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Bringing bright ideas and events to Science Week

11 October 2018

Now is the time to put forward creative ideas, exciting events and innovative projects for National Science Week 2019.

Minister for Industry, Science and Technology Karen Andrews, has announced the Coalition Government is again offering National Science Week grants of between $2,000 and $20,000.

“I encourage individuals, community groups, universities, research institutions and other organisations interested in holding an activity during Australia’s annual celebration of science and technology to consider applying for a grant,” Minister Andrews said.

“A total of up to $500,000 in grants will be available for exhibitions, expos and workshops that make science accessible to everyone, get the community talking about science and showcase the contributions of Australian scientists.

“The Coalition Government recognises science, technology and innovation are key drivers of the Australian economy, helping to generate more local jobs and higher living standards.

In the 2018-19 Budget, the Coalition Government invested $2.4 billion in Australia’s research, science and technology capabilities, underscored by a $1.9 billion investment to update our National Research Infrastructure.”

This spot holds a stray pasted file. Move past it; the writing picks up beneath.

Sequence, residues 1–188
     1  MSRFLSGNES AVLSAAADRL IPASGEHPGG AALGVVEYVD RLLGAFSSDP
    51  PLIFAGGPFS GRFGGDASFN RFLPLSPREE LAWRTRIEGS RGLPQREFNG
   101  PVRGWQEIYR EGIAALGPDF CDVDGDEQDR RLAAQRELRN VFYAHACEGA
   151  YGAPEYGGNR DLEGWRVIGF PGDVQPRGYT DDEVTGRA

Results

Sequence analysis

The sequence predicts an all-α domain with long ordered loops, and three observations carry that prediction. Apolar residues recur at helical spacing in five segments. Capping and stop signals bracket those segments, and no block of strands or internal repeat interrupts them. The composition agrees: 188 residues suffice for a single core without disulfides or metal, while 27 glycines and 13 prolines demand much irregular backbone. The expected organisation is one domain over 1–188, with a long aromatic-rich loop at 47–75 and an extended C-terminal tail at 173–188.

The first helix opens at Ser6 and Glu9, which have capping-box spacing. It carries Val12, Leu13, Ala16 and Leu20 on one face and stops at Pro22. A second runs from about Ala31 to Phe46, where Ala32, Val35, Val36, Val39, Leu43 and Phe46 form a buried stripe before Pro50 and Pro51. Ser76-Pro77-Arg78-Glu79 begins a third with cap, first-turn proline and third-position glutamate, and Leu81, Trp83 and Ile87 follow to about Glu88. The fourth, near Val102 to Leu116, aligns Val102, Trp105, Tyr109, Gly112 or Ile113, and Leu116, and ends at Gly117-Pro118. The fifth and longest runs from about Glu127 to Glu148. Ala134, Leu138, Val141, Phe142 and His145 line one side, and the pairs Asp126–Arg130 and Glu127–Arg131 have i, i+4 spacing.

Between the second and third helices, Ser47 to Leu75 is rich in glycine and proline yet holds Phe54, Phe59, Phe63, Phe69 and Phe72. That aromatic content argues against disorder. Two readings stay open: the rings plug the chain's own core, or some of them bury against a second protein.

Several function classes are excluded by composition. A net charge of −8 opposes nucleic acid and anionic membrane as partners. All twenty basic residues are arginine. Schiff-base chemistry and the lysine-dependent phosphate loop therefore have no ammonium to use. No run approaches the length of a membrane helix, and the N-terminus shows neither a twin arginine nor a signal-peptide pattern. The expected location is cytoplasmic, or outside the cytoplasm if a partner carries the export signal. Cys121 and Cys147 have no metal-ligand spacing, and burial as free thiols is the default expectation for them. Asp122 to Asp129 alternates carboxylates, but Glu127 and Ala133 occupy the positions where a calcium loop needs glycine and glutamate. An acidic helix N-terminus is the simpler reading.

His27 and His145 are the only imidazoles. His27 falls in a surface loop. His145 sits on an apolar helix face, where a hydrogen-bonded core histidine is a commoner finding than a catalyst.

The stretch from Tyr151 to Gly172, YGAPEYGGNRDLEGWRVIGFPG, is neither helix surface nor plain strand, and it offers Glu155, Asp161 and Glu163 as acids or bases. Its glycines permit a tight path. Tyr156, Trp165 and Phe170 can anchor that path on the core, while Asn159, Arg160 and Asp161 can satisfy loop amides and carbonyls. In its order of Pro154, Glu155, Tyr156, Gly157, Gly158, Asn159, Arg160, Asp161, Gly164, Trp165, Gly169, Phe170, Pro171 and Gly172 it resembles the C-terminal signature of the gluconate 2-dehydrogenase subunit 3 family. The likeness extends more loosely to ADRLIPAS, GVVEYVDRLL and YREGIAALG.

In 2018, 45 projects were supported through National Science Week grants including:

  • Science Spectacular, a festival of science that offered free, hands-on science, engineering and technology workshops and events at City of Gold Coast Libraries.
  • Living Laboratory, an outdoor family and community event at the Royal Botanic Garden in Sydney where participants could “see like a bee” with UV, dissect a flower, go on a wildlife walk, and ask experts about the secrets of seeds or the skills of scientific illustration.
  • HealthLAB, a health education clinic on wheels that travelled from Darwin to the Tiwi Islands, across the Nhulunbuy and the East Arnhem Land community of Yirrkala. Participants assessed their own health in a ‘pop-up’ laboratory, learned about healthy lifestyle choices, and found out about careers in health science-related fields.
  • Kids Navigate Neuroscience at the University of Adelaide, where children aged 6 to 11 explored hands-on how the brain and nervous system work.
  • TastroFest, Tasmania’s Astronomy Festival in Ulverstone, which featured planetarium shows, telescope workshops, the latest Hubble images, live feeds from the international space station, droid building displays and 3D printing displays.
  • Magnificent Microscopy: Life under a Lens, held in Melbourne, revealed how powerful microscopes help explore cancer cures, infectious diseases, how DNA works, neuroscience, genetically modified crops, and even climate change.
  • The Innovators’ Tea Party, held in Perth, where students in years 10, 11 and 12 speed-networked with a range of women working in science, technology, engineering and mathematics (STEM), inspirational role models who encouraged the students’ pursuit of STEM careers.

National Science Week runs in August each year and is one of Australia’s biggest festivals, with more than 1 million people participating in more than 2100 events across the nation in 2018.

Next year National Science Week 2019 will run from 10 to 18 August.

To find out more about National Science Week go to www.scienceweek.net.au

To apply for a National Science Week Grant go to www.business.gov.au/nswkg

Media contact: Minister Andrews' office 02 6277 7070